Your doctor and care team will let you know what you need to do to prepare for surgery. In general, you should not eat or drink anything (except essential medications) anytime after midnight prior to surgery. You should inform your doctor if you have a fever, productive cough or any other signs of infection. Your doctor will give you a medical clearance evaluation and give recommendations to optimize all the other organs in your body prior to undergoing general anesthesia and surgery.

On the day of surgery, you will need to arrive at the hospital or surgery center a few hours before the scheduled operation. This allows the nurses and anesthesiologist to confirm everything is in order for you to have as safe a surgery as possible. You will see your surgeon one last time before receiving the anesthesia and falling asleep, and you can ask any last-minute questions at that time.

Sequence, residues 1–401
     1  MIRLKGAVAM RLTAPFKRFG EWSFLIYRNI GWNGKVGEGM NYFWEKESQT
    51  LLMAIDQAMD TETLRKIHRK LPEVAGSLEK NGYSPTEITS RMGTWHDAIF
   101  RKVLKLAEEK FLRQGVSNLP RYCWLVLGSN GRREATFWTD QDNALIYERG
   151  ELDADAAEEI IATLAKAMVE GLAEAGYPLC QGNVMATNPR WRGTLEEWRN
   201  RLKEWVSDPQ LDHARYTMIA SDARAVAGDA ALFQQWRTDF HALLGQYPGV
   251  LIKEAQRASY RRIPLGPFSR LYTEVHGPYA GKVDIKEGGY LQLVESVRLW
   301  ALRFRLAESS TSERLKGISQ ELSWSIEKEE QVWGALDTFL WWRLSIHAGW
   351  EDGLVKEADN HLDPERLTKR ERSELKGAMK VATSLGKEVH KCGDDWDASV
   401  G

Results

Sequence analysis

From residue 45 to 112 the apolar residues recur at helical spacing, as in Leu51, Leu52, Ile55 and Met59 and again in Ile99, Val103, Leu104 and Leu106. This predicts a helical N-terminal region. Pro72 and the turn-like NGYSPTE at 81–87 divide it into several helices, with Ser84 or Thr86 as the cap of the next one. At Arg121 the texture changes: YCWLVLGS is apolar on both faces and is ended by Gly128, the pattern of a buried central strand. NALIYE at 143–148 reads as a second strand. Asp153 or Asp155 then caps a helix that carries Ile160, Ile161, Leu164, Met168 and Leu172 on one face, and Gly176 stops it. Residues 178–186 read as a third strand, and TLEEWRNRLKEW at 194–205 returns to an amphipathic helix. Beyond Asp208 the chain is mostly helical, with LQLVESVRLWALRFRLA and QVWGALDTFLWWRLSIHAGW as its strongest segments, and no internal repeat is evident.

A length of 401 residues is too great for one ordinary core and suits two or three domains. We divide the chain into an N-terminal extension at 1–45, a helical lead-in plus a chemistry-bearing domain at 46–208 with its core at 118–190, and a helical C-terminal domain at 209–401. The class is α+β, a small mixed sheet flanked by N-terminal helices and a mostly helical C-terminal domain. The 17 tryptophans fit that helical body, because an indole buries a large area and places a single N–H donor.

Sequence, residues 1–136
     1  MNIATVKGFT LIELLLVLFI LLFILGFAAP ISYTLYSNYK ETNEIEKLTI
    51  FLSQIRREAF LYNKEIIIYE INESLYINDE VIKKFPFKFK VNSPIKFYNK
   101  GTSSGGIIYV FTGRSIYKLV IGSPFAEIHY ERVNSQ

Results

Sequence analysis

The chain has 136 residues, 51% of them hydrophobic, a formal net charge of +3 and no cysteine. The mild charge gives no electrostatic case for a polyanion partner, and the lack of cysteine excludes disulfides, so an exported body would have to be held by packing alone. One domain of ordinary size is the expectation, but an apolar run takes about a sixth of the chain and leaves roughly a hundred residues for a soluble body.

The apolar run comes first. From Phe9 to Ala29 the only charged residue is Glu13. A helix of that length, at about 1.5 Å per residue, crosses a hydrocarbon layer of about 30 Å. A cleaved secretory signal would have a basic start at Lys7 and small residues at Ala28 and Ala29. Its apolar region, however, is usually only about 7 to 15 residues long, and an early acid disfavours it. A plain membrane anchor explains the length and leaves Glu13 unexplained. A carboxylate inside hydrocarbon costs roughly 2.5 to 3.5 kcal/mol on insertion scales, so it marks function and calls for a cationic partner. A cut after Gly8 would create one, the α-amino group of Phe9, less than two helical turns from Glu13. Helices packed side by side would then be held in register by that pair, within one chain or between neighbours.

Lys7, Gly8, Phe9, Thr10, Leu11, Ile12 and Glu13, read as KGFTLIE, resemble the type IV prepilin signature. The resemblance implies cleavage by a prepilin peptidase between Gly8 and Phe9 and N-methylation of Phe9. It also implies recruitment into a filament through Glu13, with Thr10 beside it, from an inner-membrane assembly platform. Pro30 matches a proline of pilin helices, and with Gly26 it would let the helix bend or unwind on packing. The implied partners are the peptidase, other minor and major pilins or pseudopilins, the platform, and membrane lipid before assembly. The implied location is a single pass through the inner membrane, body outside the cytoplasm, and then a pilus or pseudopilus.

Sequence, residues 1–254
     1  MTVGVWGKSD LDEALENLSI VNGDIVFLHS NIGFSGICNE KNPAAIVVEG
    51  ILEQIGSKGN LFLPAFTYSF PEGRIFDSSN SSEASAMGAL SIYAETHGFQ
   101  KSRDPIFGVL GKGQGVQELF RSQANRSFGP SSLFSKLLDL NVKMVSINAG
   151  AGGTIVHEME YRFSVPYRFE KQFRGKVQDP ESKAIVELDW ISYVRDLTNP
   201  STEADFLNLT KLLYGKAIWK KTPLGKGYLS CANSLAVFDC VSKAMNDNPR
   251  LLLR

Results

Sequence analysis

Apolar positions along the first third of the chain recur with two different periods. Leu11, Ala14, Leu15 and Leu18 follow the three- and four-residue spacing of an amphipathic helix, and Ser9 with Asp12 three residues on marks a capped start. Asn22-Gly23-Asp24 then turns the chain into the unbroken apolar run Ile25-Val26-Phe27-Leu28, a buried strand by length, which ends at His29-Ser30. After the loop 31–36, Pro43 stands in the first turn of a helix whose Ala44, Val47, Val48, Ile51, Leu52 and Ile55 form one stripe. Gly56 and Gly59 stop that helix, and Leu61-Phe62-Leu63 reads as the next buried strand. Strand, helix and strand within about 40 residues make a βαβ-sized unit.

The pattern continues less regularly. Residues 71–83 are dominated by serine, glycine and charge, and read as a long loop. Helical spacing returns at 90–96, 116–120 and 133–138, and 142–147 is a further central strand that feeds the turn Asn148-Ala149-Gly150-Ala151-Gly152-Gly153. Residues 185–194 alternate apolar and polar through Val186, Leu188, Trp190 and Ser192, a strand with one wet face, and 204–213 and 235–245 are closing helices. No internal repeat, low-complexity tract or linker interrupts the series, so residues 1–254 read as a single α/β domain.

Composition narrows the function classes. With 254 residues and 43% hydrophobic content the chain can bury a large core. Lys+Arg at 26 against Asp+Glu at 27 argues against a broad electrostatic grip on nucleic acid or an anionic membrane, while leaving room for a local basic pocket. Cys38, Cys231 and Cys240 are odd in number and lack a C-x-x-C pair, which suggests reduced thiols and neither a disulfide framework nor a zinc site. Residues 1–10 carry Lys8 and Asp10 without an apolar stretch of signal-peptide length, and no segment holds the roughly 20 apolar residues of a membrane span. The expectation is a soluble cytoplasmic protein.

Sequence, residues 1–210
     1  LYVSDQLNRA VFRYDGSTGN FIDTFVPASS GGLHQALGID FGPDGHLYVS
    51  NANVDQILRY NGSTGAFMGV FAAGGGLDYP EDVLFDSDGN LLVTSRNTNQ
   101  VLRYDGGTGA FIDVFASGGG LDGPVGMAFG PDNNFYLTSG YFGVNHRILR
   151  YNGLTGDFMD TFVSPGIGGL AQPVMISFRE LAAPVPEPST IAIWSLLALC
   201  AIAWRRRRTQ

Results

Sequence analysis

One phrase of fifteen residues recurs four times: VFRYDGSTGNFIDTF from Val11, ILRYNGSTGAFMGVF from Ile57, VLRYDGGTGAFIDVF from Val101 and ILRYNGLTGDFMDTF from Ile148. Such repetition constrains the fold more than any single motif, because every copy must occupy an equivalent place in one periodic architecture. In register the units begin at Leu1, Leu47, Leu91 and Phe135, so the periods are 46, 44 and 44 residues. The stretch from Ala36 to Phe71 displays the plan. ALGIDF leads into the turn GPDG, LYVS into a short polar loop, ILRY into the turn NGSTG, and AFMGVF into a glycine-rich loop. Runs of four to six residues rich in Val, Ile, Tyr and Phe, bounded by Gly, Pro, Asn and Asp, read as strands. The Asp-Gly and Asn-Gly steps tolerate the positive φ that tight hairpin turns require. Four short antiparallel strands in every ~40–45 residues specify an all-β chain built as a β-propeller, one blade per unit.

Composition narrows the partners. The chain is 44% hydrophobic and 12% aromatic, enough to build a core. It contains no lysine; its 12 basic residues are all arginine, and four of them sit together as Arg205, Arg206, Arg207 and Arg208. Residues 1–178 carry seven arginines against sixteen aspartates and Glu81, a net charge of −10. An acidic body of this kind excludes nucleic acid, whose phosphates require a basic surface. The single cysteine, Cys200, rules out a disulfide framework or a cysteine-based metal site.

If you are undergoing a laryngectomy, you should have had a discussion with a speech and swallow therapist prior to surgery.

What to expect

For all of these cases, you will be put completely to sleep with general anesthesia. You might or might not require a tracheotomy and/or feeding tube, depending on the extent of the laryngectomy and reconstruction.

Total laryngectomy:
This involves removal of the entire voice box. This is done for four main reasons:

  1. A large larynx cancer that has not been previously treated and has eroded through cartilage and other structures.
  2. A recurrent cancer that came back after some sort of prior treatment, such as radiation with or without chemotherapy.
  3. Cancer resection of another site—such as the entire tongue base, or the hypopharynx—would lead to major aspiration pneumonia complications if the primary tumor was removed but the larynx was left in place.